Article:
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The Boys of Winter: Life and Death in the U. S. Ski Troops during the Second World War

The Boys of Winter: Life and Death in the U. S. Ski Troops during the Second World War

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by Charles J. Sanders

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"An immensely valuable and substantial addition to 10th Mountain literature and to the history of skiing in the United States."
- International Ski History Association

The Boys of Winter tells the true story of three young American ski champions and their brutal, heroic, and fateful transformation from athletes to infantrymen


"An immensely valuable and substantial addition to 10th Mountain literature and to the history of skiing in the United States."
- International Ski History Association

The Boys of Winter tells the true story of three young American ski champions and their brutal, heroic, and fateful transformation from athletes to infantrymen with the 10th Mountain Division. Charles J. Sanders's fast-paced narrative draws on dozens of interviews and extensive research to trace these boys' lives from childhood to championships and from training at Mount Rainier and in the Colorado Rockies to battles against the Nazis.

Editorial Reviews

From the Publisher
“Focusing on the lives, and the deaths, of three young men from vastly different backgrounds, Sanders traces the history of the U.S. Army's Tenth Mountain Division from its inception, training in Washington and Colorado, first blooding in the Aleutians, and finally, to deployment to Italy in 1945. . . . Sanders's treatment of strategic questions is capable and his discussion of the division's high command, especially Fifth Army Commander General Mark Clark, is far from uncritical. His accounts of combat, usually in the survivors' voices, are riveting. . . . In his brief, eloquent conclusion, Sanders notes the outstanding contributions of those who survived the war and wonders what might have been. . . . Amply illustrated with photos and maps, The Boys of Winter is a sensitive tribute."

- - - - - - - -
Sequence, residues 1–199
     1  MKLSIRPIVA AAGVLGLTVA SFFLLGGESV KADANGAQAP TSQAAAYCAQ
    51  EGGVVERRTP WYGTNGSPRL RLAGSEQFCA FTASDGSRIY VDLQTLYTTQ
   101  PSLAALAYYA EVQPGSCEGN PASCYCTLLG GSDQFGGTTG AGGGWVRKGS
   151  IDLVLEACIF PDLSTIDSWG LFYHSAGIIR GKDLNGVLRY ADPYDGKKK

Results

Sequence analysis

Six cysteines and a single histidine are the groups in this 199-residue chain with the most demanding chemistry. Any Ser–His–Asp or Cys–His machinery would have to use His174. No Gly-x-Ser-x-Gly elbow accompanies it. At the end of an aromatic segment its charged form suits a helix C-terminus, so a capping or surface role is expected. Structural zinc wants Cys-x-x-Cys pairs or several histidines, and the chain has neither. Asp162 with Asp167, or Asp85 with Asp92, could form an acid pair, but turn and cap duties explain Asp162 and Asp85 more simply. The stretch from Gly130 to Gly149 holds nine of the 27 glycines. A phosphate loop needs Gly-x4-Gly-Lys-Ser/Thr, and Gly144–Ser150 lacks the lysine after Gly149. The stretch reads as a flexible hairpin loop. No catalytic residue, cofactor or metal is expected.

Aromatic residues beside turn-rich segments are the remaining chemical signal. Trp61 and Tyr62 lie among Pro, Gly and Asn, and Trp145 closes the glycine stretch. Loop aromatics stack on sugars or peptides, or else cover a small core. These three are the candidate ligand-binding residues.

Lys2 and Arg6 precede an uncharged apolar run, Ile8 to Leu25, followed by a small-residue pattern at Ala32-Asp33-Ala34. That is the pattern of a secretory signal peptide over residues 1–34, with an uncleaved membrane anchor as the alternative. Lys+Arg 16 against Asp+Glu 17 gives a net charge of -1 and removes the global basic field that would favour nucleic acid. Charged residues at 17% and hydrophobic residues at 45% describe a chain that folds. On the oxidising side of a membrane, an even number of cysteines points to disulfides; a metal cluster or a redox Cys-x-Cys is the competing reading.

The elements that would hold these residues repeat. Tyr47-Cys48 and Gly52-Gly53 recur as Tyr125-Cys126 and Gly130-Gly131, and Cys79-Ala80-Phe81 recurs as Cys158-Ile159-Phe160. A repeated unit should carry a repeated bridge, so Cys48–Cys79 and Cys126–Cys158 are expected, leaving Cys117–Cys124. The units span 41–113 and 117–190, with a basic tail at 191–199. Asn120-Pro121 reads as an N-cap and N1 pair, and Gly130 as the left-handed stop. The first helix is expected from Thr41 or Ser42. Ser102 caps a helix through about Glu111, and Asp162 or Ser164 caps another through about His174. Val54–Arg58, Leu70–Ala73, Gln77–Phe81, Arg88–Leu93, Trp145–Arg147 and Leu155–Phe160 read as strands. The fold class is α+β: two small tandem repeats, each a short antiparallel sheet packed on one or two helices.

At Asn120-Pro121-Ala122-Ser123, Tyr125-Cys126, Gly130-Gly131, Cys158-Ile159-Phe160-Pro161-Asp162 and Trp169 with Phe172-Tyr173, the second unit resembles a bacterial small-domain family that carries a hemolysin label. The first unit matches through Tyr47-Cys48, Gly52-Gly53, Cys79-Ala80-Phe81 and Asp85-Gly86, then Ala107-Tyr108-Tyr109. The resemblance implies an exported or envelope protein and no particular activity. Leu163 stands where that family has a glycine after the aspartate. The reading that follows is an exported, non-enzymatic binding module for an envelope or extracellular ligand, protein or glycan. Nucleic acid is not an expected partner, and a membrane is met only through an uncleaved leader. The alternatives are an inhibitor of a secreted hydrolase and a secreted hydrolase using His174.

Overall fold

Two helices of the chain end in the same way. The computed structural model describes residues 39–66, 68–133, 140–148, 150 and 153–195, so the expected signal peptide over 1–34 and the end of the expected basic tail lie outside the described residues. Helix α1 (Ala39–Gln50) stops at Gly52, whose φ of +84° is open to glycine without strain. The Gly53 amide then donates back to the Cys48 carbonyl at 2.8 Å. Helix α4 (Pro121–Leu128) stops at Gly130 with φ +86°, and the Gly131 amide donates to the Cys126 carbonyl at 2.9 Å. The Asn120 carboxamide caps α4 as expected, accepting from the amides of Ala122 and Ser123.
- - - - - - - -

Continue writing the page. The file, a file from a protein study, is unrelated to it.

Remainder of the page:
—Western Historical Quarterly

"Sanders distills the complicated and years-long saga of the creation of America's ski troops into an intensely personal story . . .[and] doesn't shy away from a question that haunts the survivors of the division, and the families of those who never returned . . . Was the Italian campaign intensified in the closing months of the war to justify the time and expense devoted to the development of the ski troops? Was the costly campaign primarily intended to keep the name of Gen. Mark Clark in the headlines? No part of this remarkable history is more important, or more relevant, in light of today's American military involvement overseas."
Durango Herald

"The Boys of Winter perfectly captures the spirit of the men who made the division what it was, as well as the spirit of those troopers who survived to help shape the postwar world."
John Imbrie, 10th Mountain Division historian and co-editor of Good Times and Bad Times

"Sanders book isn't just another collection of ski tales, but rather serves as a full-fledged study on the U.S. ski troops during World War II. The Boys of Winter endows readers with valuable insight not only in regard to the history of the ski industry, but also the history of America."
National Ski Areas Association Journal

Product Details

University Press of Colorado
Publication date:
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Product dimensions: